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Food allergy knowledge of parents – is ignorance bliss?

Authors

  • Nicole J. Goossens,

    Corresponding author
    1. GRIAC Research Institute, University of Groningen, University Medical Centre Groningen, Groningen, The Netherlands
    • Department of Pediatric Pulmonology and Pediatric Allergy, University of Groningen, University Medical Centre Groningen, Groningen, The Netherlands
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  • Bertine M. J. Flokstra-de Blok,

    1. GRIAC Research Institute, University of Groningen, University Medical Centre Groningen, Groningen, The Netherlands
    2. Department of General Practice, University of Groningen, University Medical Centre Groningen, Groningen, The Netherlands
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  • Gerbrich N. van der Meulen,

    1. Department of Paediatric Allergy, Martini Hospital, Groningen, The Netherlands
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  • Erna Botjes,

    1. President Dutch Food Allergy Foundation, Nijkerk, The Netherlands
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  • Hans G. M. Burgerhof,

    1. Department of Epidemiology, University of Groningen, University Medical Centre Groningen, Groningen, The Netherlands
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  • Ruchi S. Gupta,

    1. Smith Child Health Research Program, Lurie Children's Hospital, Chicago, IL, USA
    2. Institute for Healthcare Studies, Northwestern University Feinberg School of Medicine, Chicago, IL, USA
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  • Elizabeth E. Springston,

    1. Smith Child Health Research Program, Lurie Children's Hospital, Chicago, IL, USA
    2. Institute for Healthcare Studies, Northwestern University Feinberg School of Medicine, Chicago, IL, USA
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  • Bridget Smith,

    1. Center for Management of Complex Chronic Care, Edward Hines Jr. VA Hospital, Hines, IL, USA
    2. Stitch School of Medicine, Loyola University of Chicago, Maywood, IL, USA
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  • Eric J. Duiverman,

    1. Department of Pediatric Pulmonology and Pediatric Allergy, University of Groningen, University Medical Centre Groningen, Groningen, The Netherlands
    2. GRIAC Research Institute, University of Groningen, University Medical Centre Groningen, Groningen, The Netherlands
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  • Anthony E. J. Dubois

    1. Department of Pediatric Pulmonology and Pediatric Allergy, University of Groningen, University Medical Centre Groningen, Groningen, The Netherlands
    2. GRIAC Research Institute, University of Groningen, University Medical Centre Groningen, Groningen, The Netherlands
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Correspondence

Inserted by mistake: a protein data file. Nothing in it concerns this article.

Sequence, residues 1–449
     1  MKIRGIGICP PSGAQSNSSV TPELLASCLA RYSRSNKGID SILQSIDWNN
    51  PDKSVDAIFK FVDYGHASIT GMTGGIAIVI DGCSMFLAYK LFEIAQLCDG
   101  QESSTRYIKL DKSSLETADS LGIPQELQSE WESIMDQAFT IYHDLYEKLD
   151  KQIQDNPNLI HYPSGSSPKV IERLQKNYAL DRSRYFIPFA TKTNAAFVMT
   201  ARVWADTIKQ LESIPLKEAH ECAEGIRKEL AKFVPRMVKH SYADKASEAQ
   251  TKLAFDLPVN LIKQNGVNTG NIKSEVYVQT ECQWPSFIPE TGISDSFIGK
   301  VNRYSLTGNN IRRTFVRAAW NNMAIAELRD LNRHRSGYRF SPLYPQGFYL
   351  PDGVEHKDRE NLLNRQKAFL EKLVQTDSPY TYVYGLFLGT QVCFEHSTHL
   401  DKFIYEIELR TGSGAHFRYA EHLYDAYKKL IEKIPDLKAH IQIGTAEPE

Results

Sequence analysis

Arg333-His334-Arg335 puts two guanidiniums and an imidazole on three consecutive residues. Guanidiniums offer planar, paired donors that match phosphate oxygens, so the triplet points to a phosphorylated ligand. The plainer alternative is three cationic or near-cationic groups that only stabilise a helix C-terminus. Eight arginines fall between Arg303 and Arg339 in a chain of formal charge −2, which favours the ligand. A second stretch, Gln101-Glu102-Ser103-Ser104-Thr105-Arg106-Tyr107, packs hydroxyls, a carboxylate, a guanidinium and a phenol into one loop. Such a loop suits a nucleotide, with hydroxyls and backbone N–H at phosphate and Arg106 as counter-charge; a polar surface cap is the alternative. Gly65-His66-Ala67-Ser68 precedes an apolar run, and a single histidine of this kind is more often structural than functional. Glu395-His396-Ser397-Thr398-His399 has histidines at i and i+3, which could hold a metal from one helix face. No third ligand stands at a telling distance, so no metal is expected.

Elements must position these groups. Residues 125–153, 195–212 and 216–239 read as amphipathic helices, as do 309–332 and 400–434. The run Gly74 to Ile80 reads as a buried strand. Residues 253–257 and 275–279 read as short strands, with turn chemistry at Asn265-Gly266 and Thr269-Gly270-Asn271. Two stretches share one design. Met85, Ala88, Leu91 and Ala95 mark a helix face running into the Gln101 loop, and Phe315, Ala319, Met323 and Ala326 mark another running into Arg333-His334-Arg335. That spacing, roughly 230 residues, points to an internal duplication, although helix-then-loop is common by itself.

Nicole Johanna Goossens, Department of Pediatric Pulmonology and Pediatric Allergy, University Medical Centre Groningen,

PO Box 30.001, 9700 RB Groningen, The Netherlands.

Tel.: +31 50 3610586

E-mail: n.j.goossens@umcg.nl

Abstract

Background

Food allergic children are at least partially dependent on their parents to care for their food allergy. In addition, parents are often responsible for the education of others regarding food allergy, including the family, school, neighbors, and friends. The aim of this study was to investigate food allergy knowledge, attitudes, and beliefs of parents with food allergic children in the Netherlands. In addition, a cross-cultural comparison was made between parents from the USA and parents from the Netherlands.

Methods

The original Chicago Food Allergy Research Survey for Parents of Children with Food Allergy (CFARS-PRNT) was translated into Dutch. Parents of children with at least one doctor-diagnosed food allergy were included. Knowledge scores and attitude/beliefs scores were determined and compared with the data from 2945 parents from the USA. Predictors of overall knowledge scores were investigated.

Results

Dutch parents of children completed the translated CFARS-PRNT (n = 299). The mean overall knowledge score in the Netherlands was 9.9 after adjusting for guessing, compared with 12.7 in the USA (p < 0.001). Attitudes and beliefs regarding food allergy among parents from the Netherlands were generally more optimistic. The overall knowledge scores could be predicted by country of origin, educational degree, being member of a patient organization, visiting an allergist, and a history of anaphylaxis.

Conclusions

Food allergy knowledge among parents of food allergic children from the Netherlands is suboptimal when compared with their counterparts from the USA, although these parents tend to be more optimistic toward food allergy than parents from the USA.

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